Seeing our planet from miles above doesn't have to mean years of rigorous training punctuated by a bone-jarring ride atop a mega-powered rocket. In fact, if a newly formed space travel company hits its mark, it could mean something much more tranquil: a slow, leisurely sail into the stratosphere, where the main qualification to tag along is ponying up the cash to make the trip.
That's the idea behind Space Perspective, a newly formed high-altitude balloon company led by the founders of World View Enterprises (the well-established cargo balloon company that helped KFC pull off a clever marketing score by sailing a chicken sandwich to the heavens back in 2017). Space Perspective is taking the placid approach to space tourism, tailoring high-flying balloons not for scientific purposes, but to provide paying customers a unique view of Earth from truly staggering heights.
Co-founders Jane Poynter and Taber MacCallum originally helped start Tucson-based World View Enterprises with leisure flights in mind. But World View has since carved out a niche for uncrewed cargo transport with its oversized Stratollite balloons, making way for Space Perspective to step in and fill that original goal of giving people, quite literally, a new perspective on their home planet.
The thinking behind Space Perspective isn't to reach true space, which NASA defines as 12 miles below the Kármán line — an imaginary boundary 62 miles above sea level that marks the end of usable atmospheric lift for conventional aircraft. Rather, it's to give tourists what MacCallum described to The Verge as the "authentic experience" of getting above it all and seeing the Earth's curvature form in much the same way that astronauts do.
In practical terms, according to the report, that means topping out around 19 miles above the Earth's surface — high enough for everything below to look remote, while not high enough to place people on board into the near-weightlessness of microgravity. Poynter told The Verge the round trip would be a gentle ride, unlike rocket-based space tourism projects planned by other companies, which could open the way for all kinds of laid-back on-board events (think weddings, parties, and pretty much anything else you'd do in a hot air balloon … if the baskets were big enough to bring along a bigger group of friends).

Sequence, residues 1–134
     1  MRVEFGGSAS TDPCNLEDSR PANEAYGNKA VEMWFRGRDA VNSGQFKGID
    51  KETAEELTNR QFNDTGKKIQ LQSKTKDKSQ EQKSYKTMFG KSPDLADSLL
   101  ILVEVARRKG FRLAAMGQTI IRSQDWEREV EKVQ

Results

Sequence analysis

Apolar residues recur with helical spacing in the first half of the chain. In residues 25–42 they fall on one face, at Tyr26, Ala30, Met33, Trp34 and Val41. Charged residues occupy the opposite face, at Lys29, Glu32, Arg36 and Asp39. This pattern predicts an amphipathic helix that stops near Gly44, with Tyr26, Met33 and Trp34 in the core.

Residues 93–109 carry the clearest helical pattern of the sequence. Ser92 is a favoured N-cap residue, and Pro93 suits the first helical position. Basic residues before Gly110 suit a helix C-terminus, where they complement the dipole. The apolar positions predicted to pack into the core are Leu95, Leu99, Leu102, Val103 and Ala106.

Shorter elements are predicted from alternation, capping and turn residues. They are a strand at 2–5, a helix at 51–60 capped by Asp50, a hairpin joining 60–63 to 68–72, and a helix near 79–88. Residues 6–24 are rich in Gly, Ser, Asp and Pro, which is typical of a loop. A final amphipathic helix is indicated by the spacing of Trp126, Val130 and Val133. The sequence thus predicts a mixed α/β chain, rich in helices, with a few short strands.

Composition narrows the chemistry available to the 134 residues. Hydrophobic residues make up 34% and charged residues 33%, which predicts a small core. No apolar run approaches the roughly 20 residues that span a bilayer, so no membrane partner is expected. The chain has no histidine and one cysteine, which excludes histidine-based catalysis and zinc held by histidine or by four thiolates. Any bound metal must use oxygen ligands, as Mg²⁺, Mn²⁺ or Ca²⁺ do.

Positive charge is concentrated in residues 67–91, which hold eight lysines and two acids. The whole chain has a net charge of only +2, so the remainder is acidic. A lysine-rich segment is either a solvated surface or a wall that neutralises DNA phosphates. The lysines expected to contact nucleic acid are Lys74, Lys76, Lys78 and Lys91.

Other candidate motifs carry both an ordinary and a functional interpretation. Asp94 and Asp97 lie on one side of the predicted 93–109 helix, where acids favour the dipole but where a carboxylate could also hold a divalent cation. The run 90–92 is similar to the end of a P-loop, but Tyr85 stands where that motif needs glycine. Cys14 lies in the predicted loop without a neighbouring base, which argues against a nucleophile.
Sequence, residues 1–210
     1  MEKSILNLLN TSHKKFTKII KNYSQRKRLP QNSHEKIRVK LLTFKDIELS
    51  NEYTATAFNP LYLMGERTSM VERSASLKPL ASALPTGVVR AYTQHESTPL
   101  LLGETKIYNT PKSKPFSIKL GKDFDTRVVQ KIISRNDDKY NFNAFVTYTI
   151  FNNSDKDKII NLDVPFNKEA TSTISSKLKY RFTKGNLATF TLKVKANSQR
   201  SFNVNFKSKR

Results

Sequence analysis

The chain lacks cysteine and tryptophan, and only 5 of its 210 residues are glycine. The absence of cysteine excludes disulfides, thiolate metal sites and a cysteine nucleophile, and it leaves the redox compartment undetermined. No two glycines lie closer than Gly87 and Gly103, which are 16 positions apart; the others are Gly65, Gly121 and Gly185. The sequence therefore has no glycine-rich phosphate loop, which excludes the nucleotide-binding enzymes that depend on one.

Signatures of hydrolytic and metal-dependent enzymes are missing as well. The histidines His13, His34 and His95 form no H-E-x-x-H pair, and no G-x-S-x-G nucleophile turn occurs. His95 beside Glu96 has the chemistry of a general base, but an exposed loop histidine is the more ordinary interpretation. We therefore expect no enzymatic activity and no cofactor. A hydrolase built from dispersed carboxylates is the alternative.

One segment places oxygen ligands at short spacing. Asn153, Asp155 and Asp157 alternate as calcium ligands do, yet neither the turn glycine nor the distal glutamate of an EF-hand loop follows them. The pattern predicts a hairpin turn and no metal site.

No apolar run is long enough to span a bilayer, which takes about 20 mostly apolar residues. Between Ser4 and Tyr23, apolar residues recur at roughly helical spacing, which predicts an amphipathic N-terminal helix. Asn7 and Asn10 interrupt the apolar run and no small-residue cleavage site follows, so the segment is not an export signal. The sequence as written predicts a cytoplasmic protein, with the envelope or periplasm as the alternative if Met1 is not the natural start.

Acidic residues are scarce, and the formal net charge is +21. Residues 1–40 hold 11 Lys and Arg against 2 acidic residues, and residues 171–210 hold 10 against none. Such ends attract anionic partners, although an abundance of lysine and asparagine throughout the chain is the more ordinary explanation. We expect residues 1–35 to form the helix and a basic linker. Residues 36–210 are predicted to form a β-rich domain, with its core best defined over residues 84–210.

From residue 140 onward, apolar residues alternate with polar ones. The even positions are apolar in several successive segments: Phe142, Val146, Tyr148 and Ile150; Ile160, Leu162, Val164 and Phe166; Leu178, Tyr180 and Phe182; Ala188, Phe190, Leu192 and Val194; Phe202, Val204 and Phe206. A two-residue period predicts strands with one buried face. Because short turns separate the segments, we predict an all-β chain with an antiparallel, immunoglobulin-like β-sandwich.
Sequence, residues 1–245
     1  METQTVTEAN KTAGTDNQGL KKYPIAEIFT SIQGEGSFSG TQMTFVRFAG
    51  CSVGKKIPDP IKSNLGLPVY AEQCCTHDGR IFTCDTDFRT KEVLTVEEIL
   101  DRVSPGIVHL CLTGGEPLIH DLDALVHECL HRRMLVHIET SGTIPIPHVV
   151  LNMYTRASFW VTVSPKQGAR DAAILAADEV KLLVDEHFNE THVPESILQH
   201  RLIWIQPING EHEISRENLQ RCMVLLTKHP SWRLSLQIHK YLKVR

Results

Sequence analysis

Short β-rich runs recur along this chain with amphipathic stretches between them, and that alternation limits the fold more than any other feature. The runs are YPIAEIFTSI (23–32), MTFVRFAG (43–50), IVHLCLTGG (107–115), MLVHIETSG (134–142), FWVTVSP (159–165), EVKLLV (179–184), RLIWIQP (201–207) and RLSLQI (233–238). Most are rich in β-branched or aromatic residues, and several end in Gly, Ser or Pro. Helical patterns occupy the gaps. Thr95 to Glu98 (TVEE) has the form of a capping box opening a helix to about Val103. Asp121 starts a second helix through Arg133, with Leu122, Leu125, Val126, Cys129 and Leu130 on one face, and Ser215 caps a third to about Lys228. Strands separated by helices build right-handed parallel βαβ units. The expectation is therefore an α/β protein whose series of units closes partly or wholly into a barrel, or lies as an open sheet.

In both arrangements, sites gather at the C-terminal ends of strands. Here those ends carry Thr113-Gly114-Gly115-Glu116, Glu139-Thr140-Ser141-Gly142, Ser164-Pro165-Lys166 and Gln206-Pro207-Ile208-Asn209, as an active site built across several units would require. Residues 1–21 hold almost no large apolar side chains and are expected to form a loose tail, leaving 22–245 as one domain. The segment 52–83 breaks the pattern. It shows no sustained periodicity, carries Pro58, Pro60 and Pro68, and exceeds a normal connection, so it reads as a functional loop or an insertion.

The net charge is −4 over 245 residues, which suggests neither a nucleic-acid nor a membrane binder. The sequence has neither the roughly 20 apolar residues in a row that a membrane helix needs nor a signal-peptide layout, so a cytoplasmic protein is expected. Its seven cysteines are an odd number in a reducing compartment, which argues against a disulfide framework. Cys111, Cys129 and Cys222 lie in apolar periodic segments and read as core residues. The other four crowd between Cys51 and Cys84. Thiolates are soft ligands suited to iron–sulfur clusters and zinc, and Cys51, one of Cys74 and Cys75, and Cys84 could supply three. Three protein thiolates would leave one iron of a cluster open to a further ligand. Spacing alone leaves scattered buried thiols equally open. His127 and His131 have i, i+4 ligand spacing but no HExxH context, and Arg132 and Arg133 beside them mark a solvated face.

Before welcoming its first human traveler, Space Perspective still has to vault a variety of safety and testing hurdles, including how customers will be retrieved from the balloon's futuristic white "Neptune" capsule once it lands back on Earth. Like hot air balloons, Space Perspective's sub-space version won't have fine control over where the wind will take it once it's in the Earth's atmosphere, and the capsule itself will need to be outfitted with life support systems, fly-by-wire, and pressure controls — the kind of things, in other words, that don't leave room for error.
Pictured in the concept render above, the Neptune capsule itself is designed to make the most of the view. Featuring 360-degree windows, the vessel reportedly could accommodate eight people for a round trip tour that Space Perspective estimates would last about six hours — two of which would be spent at peak altitude. According to the company's website, Neptune also would include a restroom, a bar, and (of course) wi-fi.
In keeping with the languid pace of balloon travel, there's no early word on when Space Perspective could launch its first crewed flight. But when it does, customers could opt for yet one more authentic piece of the space travel experience: taking off from the company's operations center on the Florida Space Coast, "from the iconic runway where the Space Shuttle landed upon its return from space." Space Perspective is also eyeing launch locations at Cecil Spaceport in Florida, as well as sites in Hawaii and Alaska.
That means we might as well start saving now — because nothing sounds cooler than crossing both a trip to Hawaii and the near reaches of space from our bucket lists in one unforgettable trip.